The main access into OHSU, Michael said, by patient and visitors, is on Terwilliger at Campus Drive. The #8 public bus stops there, but there is no ADA compatible path from the bus stop up into the campus. The pathway concept is meant to safely bring people with disabilities into the OHSU campus, as well as to help people on the east side of Terwilliger to cross the street safely.

 

The project concept includes a pedestrian signal, as well as a traffic light.

 

“Portland Parks is going to have to like the project,” Michael said, “because most of the project is on public park land, not on land owned by OHSU.”

 

New connections from the proposed light rail along Barbur could impact the pathway in ways we can't yet anticipate, Michael noted. For instance, a possible connection from Barbur Boulevard at Gibbs Street, just east of the project, could approach Terwilliger at the proposed pathway site.

 

Next, Tara Mather and Ian Jaquiss of OHSU took the floor. Tara is a Campus & Space Planner. Ian works in Affirmative Action & Equal Opportunity, and chairs the Physical Access Committee.

  

Tara called the group’s attention to pp. 8-9 of the handout, which illustrate the site in detail. “Our desire is to improve the forested quality of this site, as well as to improve accessibility from the Parkway to the OHSU campus and neighborhood,” she said. “The site suffers from compacted soil. It was used for construction staging of the (aerial) tram tower in the early 2000s, so this effort would fix those conditions.”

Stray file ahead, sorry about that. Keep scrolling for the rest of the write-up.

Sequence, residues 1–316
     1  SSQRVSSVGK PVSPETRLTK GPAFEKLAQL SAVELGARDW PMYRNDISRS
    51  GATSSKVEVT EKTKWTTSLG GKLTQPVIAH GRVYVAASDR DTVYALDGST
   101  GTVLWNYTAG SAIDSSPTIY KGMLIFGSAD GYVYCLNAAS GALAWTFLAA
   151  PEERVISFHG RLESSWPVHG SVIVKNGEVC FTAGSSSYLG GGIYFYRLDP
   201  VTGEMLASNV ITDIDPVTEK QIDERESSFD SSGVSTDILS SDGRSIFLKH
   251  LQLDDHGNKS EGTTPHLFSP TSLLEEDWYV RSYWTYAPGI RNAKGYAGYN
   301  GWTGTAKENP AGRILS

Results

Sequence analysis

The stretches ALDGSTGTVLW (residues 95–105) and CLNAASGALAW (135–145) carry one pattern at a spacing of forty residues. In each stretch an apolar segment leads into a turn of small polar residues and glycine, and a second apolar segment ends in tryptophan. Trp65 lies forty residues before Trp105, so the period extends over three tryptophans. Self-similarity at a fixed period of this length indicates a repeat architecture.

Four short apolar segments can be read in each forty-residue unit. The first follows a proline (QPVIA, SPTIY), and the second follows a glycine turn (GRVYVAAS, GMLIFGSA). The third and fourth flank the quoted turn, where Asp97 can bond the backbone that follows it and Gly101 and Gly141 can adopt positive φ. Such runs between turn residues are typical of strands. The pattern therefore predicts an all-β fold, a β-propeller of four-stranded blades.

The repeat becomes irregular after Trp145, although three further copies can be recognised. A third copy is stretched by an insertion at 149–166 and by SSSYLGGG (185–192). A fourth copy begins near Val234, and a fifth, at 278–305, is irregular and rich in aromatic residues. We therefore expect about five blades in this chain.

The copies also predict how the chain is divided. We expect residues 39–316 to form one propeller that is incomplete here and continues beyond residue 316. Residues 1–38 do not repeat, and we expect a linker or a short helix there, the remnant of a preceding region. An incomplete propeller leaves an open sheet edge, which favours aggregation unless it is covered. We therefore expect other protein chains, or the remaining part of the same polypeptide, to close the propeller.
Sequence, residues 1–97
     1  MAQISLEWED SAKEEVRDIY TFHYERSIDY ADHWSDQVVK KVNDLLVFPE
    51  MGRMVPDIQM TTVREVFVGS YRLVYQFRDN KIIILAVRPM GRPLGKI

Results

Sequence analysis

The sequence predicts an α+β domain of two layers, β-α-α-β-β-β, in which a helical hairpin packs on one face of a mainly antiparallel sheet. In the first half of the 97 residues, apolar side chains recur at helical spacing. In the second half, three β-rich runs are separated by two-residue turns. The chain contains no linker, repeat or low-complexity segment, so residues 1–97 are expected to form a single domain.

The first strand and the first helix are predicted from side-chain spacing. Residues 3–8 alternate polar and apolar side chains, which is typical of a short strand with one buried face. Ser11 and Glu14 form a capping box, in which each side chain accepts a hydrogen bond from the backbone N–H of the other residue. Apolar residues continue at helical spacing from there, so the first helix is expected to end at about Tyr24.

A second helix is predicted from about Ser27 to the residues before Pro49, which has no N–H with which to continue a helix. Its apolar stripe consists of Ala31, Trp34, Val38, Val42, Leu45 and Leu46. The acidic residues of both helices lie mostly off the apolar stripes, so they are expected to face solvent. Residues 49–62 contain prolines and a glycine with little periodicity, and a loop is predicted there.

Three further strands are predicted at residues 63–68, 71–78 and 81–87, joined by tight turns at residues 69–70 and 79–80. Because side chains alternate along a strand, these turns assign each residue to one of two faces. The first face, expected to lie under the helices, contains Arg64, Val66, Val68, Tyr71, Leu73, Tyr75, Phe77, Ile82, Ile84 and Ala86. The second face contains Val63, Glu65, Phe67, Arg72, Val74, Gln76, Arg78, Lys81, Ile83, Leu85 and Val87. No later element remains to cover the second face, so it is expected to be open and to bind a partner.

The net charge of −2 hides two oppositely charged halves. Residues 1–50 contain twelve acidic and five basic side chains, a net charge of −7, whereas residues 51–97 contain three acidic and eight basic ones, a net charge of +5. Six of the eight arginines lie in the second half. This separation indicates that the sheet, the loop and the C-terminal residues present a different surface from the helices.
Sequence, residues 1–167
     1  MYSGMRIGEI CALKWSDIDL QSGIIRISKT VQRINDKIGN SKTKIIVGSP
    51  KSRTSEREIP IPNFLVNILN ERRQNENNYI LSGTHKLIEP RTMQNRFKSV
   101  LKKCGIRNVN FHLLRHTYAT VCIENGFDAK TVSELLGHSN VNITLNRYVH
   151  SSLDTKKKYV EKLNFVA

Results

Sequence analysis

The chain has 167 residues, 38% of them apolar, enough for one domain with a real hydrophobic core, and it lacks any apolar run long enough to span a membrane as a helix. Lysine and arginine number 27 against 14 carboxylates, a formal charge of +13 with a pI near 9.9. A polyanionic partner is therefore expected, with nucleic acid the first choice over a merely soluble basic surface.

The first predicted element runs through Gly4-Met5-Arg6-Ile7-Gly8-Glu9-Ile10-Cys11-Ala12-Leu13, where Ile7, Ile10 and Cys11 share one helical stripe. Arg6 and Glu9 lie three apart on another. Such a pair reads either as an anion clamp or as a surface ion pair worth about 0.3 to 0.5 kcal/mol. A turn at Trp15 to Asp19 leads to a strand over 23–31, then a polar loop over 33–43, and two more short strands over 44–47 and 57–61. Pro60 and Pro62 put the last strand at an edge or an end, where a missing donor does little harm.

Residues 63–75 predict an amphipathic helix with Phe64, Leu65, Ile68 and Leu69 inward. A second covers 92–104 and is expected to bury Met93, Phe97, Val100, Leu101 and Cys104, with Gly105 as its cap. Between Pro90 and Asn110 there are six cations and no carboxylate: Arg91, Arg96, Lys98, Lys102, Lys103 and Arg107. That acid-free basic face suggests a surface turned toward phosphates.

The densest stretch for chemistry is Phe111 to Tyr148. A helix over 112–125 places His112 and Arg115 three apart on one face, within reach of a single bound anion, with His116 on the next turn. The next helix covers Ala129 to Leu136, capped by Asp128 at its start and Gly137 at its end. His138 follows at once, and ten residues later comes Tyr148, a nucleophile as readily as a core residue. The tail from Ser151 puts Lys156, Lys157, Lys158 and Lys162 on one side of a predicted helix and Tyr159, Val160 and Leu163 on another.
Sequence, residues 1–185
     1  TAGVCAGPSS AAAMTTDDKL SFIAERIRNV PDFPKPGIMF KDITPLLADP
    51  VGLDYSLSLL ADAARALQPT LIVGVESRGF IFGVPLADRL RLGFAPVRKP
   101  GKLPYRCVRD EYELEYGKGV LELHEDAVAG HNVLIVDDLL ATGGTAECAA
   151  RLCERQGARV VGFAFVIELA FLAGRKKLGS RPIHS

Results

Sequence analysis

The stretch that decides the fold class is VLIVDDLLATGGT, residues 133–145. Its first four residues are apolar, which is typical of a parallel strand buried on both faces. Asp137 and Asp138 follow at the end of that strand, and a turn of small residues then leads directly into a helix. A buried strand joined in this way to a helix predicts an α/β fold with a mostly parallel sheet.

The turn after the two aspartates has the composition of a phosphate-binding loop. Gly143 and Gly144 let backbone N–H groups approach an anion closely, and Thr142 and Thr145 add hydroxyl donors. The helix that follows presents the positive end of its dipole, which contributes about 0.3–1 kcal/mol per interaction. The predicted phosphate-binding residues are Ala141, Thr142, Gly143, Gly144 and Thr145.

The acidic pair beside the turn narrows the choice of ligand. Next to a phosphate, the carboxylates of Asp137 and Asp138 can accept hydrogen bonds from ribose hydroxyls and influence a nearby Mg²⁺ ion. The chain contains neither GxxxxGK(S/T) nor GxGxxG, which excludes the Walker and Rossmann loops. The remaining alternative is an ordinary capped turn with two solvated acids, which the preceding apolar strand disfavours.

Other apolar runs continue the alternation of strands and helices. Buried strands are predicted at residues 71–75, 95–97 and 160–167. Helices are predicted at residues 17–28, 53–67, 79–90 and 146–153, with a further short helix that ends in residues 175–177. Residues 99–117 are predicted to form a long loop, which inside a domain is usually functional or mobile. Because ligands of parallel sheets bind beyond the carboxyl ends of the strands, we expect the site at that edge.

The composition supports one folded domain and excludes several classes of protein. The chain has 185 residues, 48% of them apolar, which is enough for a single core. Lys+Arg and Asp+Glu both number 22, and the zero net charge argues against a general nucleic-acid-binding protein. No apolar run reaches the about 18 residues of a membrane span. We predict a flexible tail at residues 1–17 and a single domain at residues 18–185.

The existing sidewalk running along Campus Drive would be removed and replaced with a staircase set back from the street to create a landscape buffer. The stair would be paired with an ADA pathway.

 

Both the stairs and pathway would connect at an elevated point and proceed through the Casey Eye Institute, Tara said.

 

This particular concept, Ian said, derived from the need for ADA accessibility. Today the only option for a bus rider with mobility challenges is to de-bark at Sam Jackson Park Road, “which is steep and difficult to navigate in a mobility device. So from an ADA perspective, this is great….It creates a welcoming, gentle slope,” which would carry the patient and a group the size of a family gradually toward the hospital together.

 

Discussion and questions followed.

 

Richard Stein warned about trust and accountability. “Why should I believe you this time? We worked on that intersection 15 years ago, and it was clearly stated [by OHSU] that the soil would be repaired—which it wasn’t after the tram—and that a forested corridor would be built there. That was the agreement. Yes, OHSU planted it, but it let the plants die. You're proposing the same thing. Why should I believe OHSU this time?”